Why Kenyans Need To Master Reading The Status Of The Economy To Avoid Being Lied To By Politicians

By Steve Biko Wafula / Published March 17, 2023 | 7:02 pm




KEY POINTS

According to the International Monetary Fund, the Kenyan economy is projected to grow by 6.3% in 2023, which is a positive sign for the country's economic stability.


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KEY TAKEAWAYS


According to the Kenya National Bureau of Statistics, the rate of inflation in February 2023 was 5.8%, which is within the government's target range of 2.5% to 7.5%. This suggests that the government's efforts to stabilize the economy may have been successful in reducing inflation.


Kenya, like many developing countries, faces numerous economic challenges. Over the past decade, the country has experienced significant economic growth, but this has been accompanied by rising inequality, high levels of poverty, and a number of other economic problems.

In this context, the statement by the President that his government has stabilized the economy requires careful examination.

To begin with, it is important to acknowledge that there have been some positive developments in the Kenyan economy in recent years. For example, GDP growth has been relatively strong, averaging around 5% per year over the past decade. This growth has been driven in part by a vibrant service sector, particularly in areas such as finance, telecommunications, and tourism.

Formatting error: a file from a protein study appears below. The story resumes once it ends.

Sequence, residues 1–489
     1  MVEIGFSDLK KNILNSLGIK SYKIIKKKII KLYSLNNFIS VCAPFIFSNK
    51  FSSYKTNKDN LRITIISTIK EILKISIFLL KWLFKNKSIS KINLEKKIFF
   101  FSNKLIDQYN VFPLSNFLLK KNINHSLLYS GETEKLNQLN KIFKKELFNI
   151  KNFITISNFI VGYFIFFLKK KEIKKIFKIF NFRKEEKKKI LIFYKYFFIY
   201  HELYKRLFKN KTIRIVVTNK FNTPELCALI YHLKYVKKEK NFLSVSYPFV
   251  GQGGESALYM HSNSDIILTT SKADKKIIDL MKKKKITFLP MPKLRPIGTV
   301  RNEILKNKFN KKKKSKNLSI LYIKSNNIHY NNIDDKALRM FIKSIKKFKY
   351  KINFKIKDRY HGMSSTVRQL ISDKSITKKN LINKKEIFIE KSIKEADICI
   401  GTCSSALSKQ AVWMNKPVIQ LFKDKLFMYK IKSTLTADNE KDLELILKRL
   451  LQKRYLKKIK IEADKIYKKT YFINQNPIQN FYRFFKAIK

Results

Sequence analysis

Additionally, there have been some efforts to address some of the underlying structural issues in the Kenyan economy. For example, the government has made some progress in improving infrastructure, particularly in transport and energy. This has helped to reduce the cost of doing business in the country, which has in turn attracted some foreign investment.

However, despite these positive developments, there are several reasons to question the President’s claim that the economy has been stabilized. First and foremost, the level of inequality in the country remains extremely high. This is particularly evident in the distribution of wealth, where a small elite holds a disproportionate share of the country’s resources. This inequality is a major source of social and political instability and is likely to undermine any progress made in other areas of the economy.

Kenya is a country that has faced various economic challenges in recent years, including high inflation, a growing public debt, and a trade deficit. These challenges have had a significant impact on the country’s economic stability, and there has been much debate over whether the government’s efforts to stabilize the economy have been successful. In this essay, we will examine the various economic indicators to determine whether the President’s statement on stabilizing the economy is true or not.

Key Indicators of the economy;

One of the primary indicators of economic stability is inflation. Inflation is a measure of the rate at which prices of goods and services are increasing over time. In Kenya, inflation has been a significant challenge for many years, with the rate of inflation reaching as high as 21% in 2011. However, in recent years, the government has made efforts to bring inflation under control. According to the Kenya National Bureau of Statistics, the rate of inflation in February 2023 was 5.8%, which is within the government’s target range of 2.5% to 7.5%. This suggests that the government’s efforts to stabilize the economy may have been successful in reducing inflation.